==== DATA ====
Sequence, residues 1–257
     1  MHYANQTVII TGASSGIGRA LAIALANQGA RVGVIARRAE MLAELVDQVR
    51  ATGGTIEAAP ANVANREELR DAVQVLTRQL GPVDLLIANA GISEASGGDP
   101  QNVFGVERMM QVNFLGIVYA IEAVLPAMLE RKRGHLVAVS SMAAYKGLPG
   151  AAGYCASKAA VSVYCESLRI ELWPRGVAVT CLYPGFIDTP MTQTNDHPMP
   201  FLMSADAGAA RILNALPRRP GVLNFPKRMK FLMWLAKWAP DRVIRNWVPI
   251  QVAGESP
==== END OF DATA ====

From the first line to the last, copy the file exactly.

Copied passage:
Sequence, residues 1–257
     1  MHYANQTVII TGASSGIGRA LAIALANQGA RVGVIARRAE MLAELVDQVR
    51  ATGGTIEAAP ANVANREELR DAVQVLTRQL GPVDLLIANA GISEASGGDP
   101  QNVFGVERMM QVNFLGIVYA IEAVLPAMLE RKRGHLVAVS SMAAYKGLPG
   151  AAGYCASKAA VSVYCESLRI ELWPRGVAVT CLYPGFIDTP MTQTNDHPMP
   201  FLMSADAGAA RILNALPRRP GVLNFPKRMK FLMWLAKWAP DRVIRNWVPI
   251  QVAGESP